Updated 2023-03-31

Run SAMtools on the Cluster

Overview

  • SAMtools is a set of utilities for interacting with and post-processing short DNA sequence read alignments in the SAM, BAM, and CRAM formats.
  • This guide will cover how to run SAMtools on the Cluster.
  • This is the link to the SAMtools Homepage.

Summary

  • SAMtools has a set of various utilities to manipulate BAM files. It can import and export to SAM and does various operations like sorting, merging, indexing, etc.
  • The example used in this walkthrough involves converting a SAM file into a BAM file and comes from this link.

Walkthrough: Run SAMtools on the Cluster

  • This walkthrough will cover how to convert a SAM file into a BAM file using SAMtools.
  • sample.sam.gz can be found here
  • SBATCH Script can be found here
  • You can transfer the files to your account on the cluster to follow along. The file transfer guide may be helpful.

Part 1: The SBTACH Script

#!/bin/bash
#SBATCH -JsamtoolsTest
#SBATCH -A [Account]
#SBATCH -N1 --ntasks-per-node=2
#SBATCH --mem-per-cpu=8G
#SBATCH -t10
#SBATCH -qinferno
#SBATCH -oReport-%j.out

cd $SLURM_SUBMIT_DIR
module load samtools

# Convert SAM to its binary counterpart, BAM
samtools view -b -o sample.bam sample.sam
  • The #SBATCH directives are standard, requesting 10 minutes of walltime and 1 node with 2 cores. More on #SBATCH directives can be found in the Using Slurm on Phoenix Guide
  • $SLURM_SUBMIT_DIR is a variable that represents the directory you submit the SBATCH script from. Make sure the files you want to use are in the same directory you put the SBATCH script.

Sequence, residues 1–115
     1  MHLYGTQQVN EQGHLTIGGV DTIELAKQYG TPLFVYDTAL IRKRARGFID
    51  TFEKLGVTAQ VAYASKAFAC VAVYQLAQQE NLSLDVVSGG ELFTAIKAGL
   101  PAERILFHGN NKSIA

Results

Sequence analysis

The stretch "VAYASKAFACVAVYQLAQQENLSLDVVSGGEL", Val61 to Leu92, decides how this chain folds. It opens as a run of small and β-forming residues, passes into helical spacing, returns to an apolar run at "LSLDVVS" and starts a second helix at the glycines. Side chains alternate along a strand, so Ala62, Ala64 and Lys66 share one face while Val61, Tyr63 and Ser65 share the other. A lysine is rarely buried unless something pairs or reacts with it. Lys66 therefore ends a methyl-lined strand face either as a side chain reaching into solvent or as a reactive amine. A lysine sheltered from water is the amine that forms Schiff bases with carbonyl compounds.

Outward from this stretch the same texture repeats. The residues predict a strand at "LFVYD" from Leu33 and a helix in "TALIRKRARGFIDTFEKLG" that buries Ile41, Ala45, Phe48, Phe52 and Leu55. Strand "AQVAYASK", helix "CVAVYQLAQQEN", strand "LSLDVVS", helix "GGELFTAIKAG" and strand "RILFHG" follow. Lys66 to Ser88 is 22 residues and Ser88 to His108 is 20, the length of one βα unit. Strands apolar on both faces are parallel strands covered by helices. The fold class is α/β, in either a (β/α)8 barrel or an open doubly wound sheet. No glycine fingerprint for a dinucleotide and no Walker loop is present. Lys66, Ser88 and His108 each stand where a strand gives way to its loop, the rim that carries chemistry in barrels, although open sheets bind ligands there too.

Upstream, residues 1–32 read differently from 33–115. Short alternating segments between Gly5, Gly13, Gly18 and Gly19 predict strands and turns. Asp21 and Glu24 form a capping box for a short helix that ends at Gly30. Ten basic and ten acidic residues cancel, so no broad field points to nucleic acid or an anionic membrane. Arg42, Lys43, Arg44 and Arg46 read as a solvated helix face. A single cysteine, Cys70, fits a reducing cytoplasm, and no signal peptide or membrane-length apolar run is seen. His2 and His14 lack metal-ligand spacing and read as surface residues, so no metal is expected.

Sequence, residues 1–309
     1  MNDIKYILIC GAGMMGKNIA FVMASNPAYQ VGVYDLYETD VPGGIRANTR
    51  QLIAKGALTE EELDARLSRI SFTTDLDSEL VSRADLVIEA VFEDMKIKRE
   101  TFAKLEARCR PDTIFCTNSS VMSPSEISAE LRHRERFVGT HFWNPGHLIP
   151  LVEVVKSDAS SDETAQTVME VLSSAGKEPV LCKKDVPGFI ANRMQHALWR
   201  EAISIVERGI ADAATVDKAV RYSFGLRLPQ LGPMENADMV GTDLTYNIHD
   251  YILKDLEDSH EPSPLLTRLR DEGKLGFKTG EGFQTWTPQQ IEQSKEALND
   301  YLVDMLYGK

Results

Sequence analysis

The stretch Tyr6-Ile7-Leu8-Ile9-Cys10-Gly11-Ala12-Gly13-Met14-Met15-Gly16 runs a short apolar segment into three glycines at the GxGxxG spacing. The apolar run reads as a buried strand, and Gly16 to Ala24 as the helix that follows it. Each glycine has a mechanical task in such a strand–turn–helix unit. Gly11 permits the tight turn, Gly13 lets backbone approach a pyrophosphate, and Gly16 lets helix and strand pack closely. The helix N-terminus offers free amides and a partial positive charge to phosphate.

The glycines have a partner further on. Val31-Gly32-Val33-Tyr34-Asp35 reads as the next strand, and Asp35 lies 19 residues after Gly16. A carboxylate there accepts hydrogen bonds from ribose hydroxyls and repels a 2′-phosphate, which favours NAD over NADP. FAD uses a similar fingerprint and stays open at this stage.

• Output Files will also show up in this directory as well
  • module load samtools loads the default 1.14 version of SAMtools. To see what SAMtools versions are available, run module avail samtools, and load the one you want.
  • samtools view -S -b sample.sam > sample.bam converts the input SAM file sample.sam to an output BAM file sample.bam. The -S flag specifies that the input is SAM and the -b flag specifies that the output is BAM.

Part 2: Submit Job and Check Status

  • Make sure you're in the dir that contains the SBATCH Script as well as sample.sam
  • Submit as normal, with sbatch < script name>. In this case sbatch samtools.sbatch
  • Check job status with squeue --job <jobID>, replacing with the jobid returned after running sbatch
  • You can delete the job with scancel <jobID> , replacing with the jobid returned after running sbatch

Part 3: Collecting Results

  • In the directory where you submitted the SBATCH script, you should see a Report-<jobID>.out file which contains the results of the job and a sample.bam file which contains the BAM file created from the sample.sam file.
  • Report-<jobID>.out should look like this:
---------------------------------------
Begin Slurm Prolog: Dec-28-2022 23:31:16
Job ID:    254450
User ID:   svangala3
Account:   phx-pace-staff
Job name:  samtoolsTest
Partition: cpu-small
QOS:       inferno
---------------------------------------
---------------------------------------
Begin Slurm Epilog: Dec-28-2022 23:31:18
Job ID:        254450
Array Job ID:  _4294967294
User ID:       svangala3
Account:       phx-pace-staff
Job name:      samtoolsTest
Resources:     cpu=2,mem=16G,node=1
Rsrc Used:     cput=00:00:04,vmem=4556K,walltime=00:00:02,mem=0,energy_used=0
Partition:     cpu-small
QOS:           inferno
Nodes:         atl1-1-02-004-24-2
---------------------------------------
  • sample.bam is greater than 400 MB, so it is too large for us to provide. If you wish to verify that you ran this example correctly, run the command ls -al in the directory where sample.bam was placed and verify that the file is 4XXXXXXXX bytes large.
  • After the result files are produced, you can move the files off the cluster, refer to the file transfer guide for help.
  • Congratulations! You successfully ran SAMtools on the cluster.